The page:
Further to my post of yesterday re. The Lancet editorial (which called for tobacco to be made illegal); it seems that some other folks have similarly noticed the bizarrity in such a view. Today’s Times, for instance, in its leading article, makes the following statement: “A ban [on smoking] would defy the principle that has informed English law since it was first formulated by John Stuart Mill: that you should be free to do whatever you wish, as long as by doing so you do not harm others or impinge on your neighbours’ freedom.” HALLELUJAH!! There’s somebody else in the United Kingdom who agrees with me! They even mentioned Mill!

But this statement raises a couple of interesting questions which I plan to put to The Times this week. What they are advocating is a libertarian persuasion of law (which I believe to be the most moral political philosophy). But does TAX not also impinge on freedom? Does a ban on drugs like cocaine not also impinge on freedom? Does the NHS (National Health Service for those American readers among us!) not also impinge on freedom, since it eridicates any choice of healthcare provider and forceably takes its funding from the pockets of all taxpayers, whether they will it or not?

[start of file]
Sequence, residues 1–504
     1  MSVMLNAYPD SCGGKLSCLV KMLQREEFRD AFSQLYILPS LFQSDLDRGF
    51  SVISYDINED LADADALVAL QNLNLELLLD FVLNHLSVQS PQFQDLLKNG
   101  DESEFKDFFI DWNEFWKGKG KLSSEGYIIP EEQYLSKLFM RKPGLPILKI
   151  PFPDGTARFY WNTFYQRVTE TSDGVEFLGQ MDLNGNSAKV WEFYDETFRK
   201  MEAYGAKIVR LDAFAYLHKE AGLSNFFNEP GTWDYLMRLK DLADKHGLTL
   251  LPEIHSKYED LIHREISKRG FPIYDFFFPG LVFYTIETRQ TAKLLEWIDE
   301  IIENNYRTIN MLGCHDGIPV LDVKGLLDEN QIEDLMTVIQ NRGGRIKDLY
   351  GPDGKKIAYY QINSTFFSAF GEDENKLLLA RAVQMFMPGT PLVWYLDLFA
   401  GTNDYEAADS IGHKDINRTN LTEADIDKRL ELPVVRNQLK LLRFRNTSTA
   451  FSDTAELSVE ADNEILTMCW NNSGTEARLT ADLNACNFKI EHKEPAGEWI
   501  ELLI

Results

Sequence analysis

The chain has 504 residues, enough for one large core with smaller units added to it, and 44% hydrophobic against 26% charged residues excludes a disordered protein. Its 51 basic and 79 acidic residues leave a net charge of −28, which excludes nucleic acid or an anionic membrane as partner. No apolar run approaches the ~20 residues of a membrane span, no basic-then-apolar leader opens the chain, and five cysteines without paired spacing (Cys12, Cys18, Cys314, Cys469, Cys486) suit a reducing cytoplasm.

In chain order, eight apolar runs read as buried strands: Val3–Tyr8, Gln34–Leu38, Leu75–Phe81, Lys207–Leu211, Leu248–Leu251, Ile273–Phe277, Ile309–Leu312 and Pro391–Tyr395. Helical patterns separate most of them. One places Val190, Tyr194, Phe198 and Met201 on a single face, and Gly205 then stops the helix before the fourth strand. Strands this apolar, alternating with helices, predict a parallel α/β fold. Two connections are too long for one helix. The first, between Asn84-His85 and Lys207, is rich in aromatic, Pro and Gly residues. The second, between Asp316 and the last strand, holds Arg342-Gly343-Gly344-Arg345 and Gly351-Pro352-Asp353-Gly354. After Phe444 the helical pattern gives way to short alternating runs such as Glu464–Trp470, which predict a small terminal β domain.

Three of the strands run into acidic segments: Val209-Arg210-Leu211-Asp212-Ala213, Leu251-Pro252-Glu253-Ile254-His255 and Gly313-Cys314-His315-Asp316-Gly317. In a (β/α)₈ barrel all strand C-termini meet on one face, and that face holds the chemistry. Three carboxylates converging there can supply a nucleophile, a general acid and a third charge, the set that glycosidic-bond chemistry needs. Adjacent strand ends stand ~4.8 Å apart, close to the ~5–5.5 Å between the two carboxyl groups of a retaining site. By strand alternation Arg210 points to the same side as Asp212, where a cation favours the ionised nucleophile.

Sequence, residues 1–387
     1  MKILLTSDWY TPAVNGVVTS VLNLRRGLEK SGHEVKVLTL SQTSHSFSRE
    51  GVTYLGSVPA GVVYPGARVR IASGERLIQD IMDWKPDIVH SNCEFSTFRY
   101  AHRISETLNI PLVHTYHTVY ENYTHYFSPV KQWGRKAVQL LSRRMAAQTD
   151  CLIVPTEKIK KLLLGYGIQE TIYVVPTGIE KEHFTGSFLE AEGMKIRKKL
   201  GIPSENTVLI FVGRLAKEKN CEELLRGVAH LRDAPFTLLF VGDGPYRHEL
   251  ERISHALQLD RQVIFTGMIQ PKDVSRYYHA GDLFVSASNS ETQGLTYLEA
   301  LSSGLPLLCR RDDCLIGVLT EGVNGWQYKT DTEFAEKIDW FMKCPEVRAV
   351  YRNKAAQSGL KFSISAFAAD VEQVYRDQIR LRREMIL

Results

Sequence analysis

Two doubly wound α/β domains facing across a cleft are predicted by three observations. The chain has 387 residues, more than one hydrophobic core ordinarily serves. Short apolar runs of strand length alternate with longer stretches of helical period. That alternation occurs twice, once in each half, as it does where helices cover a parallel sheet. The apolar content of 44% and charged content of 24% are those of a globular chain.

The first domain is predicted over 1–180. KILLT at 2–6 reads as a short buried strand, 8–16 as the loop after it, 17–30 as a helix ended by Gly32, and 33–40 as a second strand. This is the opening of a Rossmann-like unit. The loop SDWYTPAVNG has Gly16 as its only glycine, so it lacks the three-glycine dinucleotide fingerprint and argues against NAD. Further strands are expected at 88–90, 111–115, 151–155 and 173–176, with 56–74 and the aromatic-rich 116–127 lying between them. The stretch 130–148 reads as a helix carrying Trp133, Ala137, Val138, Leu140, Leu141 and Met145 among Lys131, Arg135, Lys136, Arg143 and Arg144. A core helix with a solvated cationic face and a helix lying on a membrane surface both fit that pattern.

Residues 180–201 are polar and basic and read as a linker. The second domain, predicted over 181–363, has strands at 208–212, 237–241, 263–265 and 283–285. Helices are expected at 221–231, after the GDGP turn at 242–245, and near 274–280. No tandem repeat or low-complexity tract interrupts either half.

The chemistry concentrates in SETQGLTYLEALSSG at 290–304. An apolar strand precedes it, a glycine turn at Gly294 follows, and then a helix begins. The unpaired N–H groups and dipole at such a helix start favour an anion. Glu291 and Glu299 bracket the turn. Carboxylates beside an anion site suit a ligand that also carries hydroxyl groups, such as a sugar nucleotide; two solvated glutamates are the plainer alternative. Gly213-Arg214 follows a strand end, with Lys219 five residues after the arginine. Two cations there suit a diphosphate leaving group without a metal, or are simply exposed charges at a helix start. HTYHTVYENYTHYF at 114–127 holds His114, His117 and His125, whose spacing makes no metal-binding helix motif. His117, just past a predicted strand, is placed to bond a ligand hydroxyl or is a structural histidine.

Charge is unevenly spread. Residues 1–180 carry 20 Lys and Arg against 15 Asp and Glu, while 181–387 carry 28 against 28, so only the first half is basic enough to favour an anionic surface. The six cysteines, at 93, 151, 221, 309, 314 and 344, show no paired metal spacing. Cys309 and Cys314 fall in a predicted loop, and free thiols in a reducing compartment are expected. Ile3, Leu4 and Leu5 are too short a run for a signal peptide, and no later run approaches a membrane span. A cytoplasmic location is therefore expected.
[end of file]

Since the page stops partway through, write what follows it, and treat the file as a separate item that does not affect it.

The Times has excited me today by printing this leader. It would be wonderful if they did believe the above (and in fact such a view would correlate entirely with the personal views of its owner Rupert Murdoch, CEO of The Times’ parent company, New Corp.). But I’m not too sure if, when applied to other areas of the role of government, the newspaper would stand by the principal favoured in this editorial today. If it did, it would be labelled as extreme.

But here’s hoping.